trail or the stamina you will need to complete the hike. Itís best to
hike from Dyea, Alaska to Bennett, British Columbia and have the wind
and weather at your back as it is easier to climb up the Golden Stairs,
than to climb down. This section from the Scales to the summit is steep
and even seasoned hikers can be intimidated.
go in self-sufficient and be prepared to backpack about 20 kg (45 lbs.)
of gear which should include waterproof and warm clothing and footwear,
as bad weather can hit anytime and hypothermia can happen. Included in
your camping gear should be a camp stove and fuel, as open fires are not
allowed on the trail. All along the trail you will find items that were
discarded by the prospectors as they made their way up and down the Chilkoot
Pass, do not touch or remove them. The law protects each and every piece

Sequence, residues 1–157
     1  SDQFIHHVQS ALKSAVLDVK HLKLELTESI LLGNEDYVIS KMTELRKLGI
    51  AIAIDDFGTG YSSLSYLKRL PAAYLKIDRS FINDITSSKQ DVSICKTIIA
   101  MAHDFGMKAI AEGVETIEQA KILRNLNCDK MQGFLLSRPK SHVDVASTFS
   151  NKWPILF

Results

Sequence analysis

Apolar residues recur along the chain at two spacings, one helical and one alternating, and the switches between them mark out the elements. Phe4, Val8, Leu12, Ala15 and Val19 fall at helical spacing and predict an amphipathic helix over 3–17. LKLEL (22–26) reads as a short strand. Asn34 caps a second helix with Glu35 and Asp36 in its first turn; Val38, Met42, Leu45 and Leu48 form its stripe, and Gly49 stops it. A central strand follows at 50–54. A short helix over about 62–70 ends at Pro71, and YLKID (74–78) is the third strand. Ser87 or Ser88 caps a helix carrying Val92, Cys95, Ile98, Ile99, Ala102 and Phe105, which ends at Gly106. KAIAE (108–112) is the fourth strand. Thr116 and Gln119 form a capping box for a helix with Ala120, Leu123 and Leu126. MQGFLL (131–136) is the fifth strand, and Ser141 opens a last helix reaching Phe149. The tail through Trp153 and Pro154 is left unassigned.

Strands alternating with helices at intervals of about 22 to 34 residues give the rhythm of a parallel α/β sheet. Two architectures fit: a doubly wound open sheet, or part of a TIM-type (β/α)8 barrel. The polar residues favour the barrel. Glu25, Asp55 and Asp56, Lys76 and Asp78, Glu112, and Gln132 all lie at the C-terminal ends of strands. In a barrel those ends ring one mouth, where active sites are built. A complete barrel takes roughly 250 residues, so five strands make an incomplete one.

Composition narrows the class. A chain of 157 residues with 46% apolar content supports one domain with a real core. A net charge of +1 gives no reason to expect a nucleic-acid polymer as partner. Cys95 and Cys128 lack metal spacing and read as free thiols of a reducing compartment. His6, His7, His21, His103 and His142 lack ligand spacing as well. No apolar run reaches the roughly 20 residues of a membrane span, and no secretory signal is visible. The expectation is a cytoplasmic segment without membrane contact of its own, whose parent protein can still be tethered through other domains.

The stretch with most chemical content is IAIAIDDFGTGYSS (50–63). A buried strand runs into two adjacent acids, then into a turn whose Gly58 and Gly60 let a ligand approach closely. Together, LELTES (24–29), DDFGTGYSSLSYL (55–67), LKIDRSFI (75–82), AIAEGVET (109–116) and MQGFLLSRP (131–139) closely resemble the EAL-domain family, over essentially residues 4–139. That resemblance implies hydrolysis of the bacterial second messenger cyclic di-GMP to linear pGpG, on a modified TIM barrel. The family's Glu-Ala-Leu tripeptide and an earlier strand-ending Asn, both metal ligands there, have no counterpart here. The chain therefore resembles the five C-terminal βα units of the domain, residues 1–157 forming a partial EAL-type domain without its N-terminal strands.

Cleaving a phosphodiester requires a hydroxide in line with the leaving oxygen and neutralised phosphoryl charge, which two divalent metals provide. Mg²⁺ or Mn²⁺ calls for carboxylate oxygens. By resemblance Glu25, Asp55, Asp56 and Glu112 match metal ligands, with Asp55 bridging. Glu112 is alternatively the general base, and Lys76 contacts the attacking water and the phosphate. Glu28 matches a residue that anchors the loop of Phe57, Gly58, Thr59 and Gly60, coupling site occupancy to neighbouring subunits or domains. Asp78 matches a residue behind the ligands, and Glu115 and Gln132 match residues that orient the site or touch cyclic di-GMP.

of gold rush artifacts that you might spot on your hike.
information and assistance to hikers and to also protect the historical
features and natural elements, there are park wardens and rangers at Skagway,
Dyea, Sheep Camp, Lindeman Camp and along the trail. This is not a wilderness
trail, and you will be sharing it with many other hikers, so wilderness
hiking courteous and common sense should be practiced at all times.
their way south to north, must pre-clear Canadian Customs. Report in person
or by phone to Canada Customs and Canada Immigration Centre at Fraser,
B.C. the phone number is (403) 821-4111 or call Whitehorse toll free at
1-800-665-8100. If hiking from north to south, you are required to report
to U.S. Customs at Skagway.
information on the Chilkoot Trail contact
Yukon National Historic Site
Room 205 - 300 Main Street
Whitehorse, Yukon Y1A 2B5
Telephone (403) 667-3910
Fax: (403) 393-6701
or Klondike Gold Rush National Historic Park
Skagway Alaska 99840
Telephone: (907) 983-2921